Barack Obama, the US president, has offered $73 million in aid to Zimbabwe but said it would be given "directly to the people" amid concerns over human rights.
Obama made the announcement after meeting Morgan Tsvangirai, the Zimbabwean prime minister, for talks in Washington on Friday.
"Overall, in a very difficult circumstance, we've seen progress from the prime minister. We are grateful to him," Obama said.
Tsvangirai formed a coalition government with Robert Mugabe, the president, in February to end a long-running political deadlock and economic collapse.
Mugabe had been accused of stealing an election from Tsvangirai and of organising widespread political violence.
Zimbabwe...needs to re-engage the world, to be part of the family of nations and not be an isolated pariah state.
Morgan Tsvangirai, Zimbabwe prime minister
Tsvangirai told Al Jazeera's Frost over the World he did not believe reports that members of Mugabe's Zanu-PF party were preparing to target their opponents.
"There is no evidence that there is a general campaign of intimidation and violence in the country," he said.
Tsvangirai is on a three-week tour seeking international aid in an attempt to pull the country out of economic chaos that has seen rocketing inflation and led to many Zimbabweans fleeing the country.
Since the coalition was formed more than $800m in credit lines has been secured to rebuild the shattered economy, and the International Monetary Fund has said it will resume technical aid to Harare.
"Zimbabweans have been isolated for the last 10 years and has been treated as a pariah state, we are now here and that Zimbabwe is changing, that it needs to re-engage the world, to be part of the family of nations and not be an isolated pariah state," Tsvangirai said.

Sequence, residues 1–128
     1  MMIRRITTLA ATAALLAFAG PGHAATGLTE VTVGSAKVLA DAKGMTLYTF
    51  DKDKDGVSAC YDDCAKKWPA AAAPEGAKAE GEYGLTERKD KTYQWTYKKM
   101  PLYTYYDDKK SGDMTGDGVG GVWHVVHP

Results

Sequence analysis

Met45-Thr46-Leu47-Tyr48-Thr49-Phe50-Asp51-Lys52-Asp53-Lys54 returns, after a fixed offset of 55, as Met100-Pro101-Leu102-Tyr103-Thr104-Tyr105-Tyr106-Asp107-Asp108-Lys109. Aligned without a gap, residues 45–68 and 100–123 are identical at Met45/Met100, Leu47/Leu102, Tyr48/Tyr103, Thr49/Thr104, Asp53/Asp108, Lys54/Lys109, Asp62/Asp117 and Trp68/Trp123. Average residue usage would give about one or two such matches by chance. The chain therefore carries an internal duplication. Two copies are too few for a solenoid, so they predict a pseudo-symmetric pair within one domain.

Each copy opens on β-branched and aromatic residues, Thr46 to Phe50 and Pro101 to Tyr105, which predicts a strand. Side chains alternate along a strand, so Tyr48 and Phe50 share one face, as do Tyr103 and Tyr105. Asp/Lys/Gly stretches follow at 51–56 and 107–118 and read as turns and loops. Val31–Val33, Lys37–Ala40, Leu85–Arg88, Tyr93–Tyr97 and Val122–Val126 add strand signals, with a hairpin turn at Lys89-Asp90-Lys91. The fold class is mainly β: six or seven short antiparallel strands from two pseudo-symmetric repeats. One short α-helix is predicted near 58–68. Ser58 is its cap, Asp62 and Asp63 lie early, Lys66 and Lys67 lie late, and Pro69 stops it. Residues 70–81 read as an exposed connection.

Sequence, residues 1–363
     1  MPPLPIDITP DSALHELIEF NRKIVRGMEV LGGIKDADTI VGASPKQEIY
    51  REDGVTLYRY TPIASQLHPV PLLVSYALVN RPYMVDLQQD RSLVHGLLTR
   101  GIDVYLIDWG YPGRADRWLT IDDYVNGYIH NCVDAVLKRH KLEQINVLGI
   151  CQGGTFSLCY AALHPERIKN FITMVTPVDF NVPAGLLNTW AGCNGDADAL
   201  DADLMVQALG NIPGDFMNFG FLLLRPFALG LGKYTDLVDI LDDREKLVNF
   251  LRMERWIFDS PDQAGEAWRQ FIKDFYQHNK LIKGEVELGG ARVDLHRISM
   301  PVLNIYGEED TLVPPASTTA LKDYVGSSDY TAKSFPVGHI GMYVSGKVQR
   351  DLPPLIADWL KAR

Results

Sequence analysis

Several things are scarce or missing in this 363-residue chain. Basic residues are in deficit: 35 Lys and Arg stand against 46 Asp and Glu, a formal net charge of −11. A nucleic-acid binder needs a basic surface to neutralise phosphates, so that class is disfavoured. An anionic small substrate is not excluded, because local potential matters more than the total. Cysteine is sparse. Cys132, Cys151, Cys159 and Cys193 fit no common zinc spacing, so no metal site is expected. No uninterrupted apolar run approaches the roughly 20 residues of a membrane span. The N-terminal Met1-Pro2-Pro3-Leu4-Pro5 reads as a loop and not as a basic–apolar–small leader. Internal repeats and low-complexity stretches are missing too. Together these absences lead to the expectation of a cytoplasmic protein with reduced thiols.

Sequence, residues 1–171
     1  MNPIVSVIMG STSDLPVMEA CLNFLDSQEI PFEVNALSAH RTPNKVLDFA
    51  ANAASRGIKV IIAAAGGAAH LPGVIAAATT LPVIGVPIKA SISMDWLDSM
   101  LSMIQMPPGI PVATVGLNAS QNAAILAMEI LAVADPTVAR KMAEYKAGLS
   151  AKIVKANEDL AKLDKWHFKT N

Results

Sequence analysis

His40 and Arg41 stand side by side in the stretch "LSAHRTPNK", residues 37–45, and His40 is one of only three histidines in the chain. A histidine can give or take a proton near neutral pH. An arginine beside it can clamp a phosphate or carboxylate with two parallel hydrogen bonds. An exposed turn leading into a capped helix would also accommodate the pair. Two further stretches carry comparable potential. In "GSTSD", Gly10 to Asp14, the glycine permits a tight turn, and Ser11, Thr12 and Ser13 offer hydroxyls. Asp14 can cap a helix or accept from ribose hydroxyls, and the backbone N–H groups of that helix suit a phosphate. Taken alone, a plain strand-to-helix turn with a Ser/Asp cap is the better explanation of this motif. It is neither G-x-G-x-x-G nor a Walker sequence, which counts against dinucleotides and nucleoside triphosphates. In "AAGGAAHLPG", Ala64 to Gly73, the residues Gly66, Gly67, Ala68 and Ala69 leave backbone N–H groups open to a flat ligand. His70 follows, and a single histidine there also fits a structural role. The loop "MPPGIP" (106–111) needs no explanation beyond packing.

But Obama was critical of Mugabe, who he said had resisted change in the African country.
"President Mugabe...has not acted all the time in the best interest of the Zimbabwean people and has been resistant to the kinds of democratic changes that need to take place," Obama said.
The US president said Washington wanted to help encourage the rule of law, human rights and basic health and education services in Zimbabwe.
After a meeting between Tsvangirai and Hillary Clinton, the US secretary of state, on Thursday, spokesman Ian Kelly said Washington was looking for "ways to ease the suffering of the Zimbabwean people without bolstering those forces that are clinging to corruption and repression".
He said the US would consider development aid if certain benchmarks are met.
Tsvangirai says Zimbabwe, where many have been forced into crippling poverty amid an economic crisis, needs aid now.